(resend 2)[2/5]hidclass.sys: Implement a report ring buffer
hverbeet at gmail.com
Mon Jul 13 07:54:29 CDT 2015
On 13 July 2015 at 14:13, Aric Stewart <aric at codeweavers.com> wrote:
> Yeah, the trick partly is there is a lot of ground work to do. Yes, most of these patches are not used until later patches. But I need to build that ground work so that the later patches work and it is not all introduced in one mammoth patch.
Yeah, it can be a bit tricky to split things like that in a useful
way. At the same time, it's important to be able to see how things are
called by other code.
> 5 was picked arbitrarily. I guess 2 or any other number would be just fine.
It mostly depends on how many readers/writers you expect in the common
case, but typically you'd use some power of two for these kinds of
dynamically growing arrays. Of course if you already know in advance
that there will only ever be a fixed number you can simplify things.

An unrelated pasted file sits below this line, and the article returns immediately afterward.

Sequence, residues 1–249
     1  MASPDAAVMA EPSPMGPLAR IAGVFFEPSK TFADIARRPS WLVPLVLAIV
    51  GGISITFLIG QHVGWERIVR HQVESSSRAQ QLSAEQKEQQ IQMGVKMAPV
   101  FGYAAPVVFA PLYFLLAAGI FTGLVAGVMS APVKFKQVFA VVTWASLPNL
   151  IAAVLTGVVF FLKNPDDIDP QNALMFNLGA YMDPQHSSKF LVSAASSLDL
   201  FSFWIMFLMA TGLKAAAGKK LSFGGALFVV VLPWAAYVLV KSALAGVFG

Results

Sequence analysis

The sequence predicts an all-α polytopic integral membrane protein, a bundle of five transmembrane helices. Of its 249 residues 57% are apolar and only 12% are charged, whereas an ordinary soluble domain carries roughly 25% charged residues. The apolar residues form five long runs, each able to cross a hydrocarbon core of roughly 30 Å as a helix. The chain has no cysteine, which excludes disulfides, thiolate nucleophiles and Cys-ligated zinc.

>>> +VOID RingBuffer_Destroy(struct __ReportRingBuffer *ring)
>> Why use "VOID"? Are you concerned "void" may not be available?
> No, this is mostly because I did try to standardize my code a bit to use the VOID identifier instead of the void identifier, so clearly made the wrong choice there.
>>> + if (size < 2 || size > 256 || size == ring->size)
>>> + return;
>> What's special about 2 and 256? And if this does nothing, why would
>> you ever call the function like that?
> Those are limits on the ring buffer stated in MSDN for HID ring buffers.
> IOCTL_SET_NUM_DEVICE_INPUT_BUFFERS sets that value.
Right, you'll probably to add a #define or something for those then
instead of just having magic constants. It's hard to judge without the
code using this, but it may be the case that this is better enforced
in the caller. Depending on how RingBuffer_SetSize() is going to be
used, it may also be the case that you could just as well just destroy
the entire ringbuffer and recreate it.
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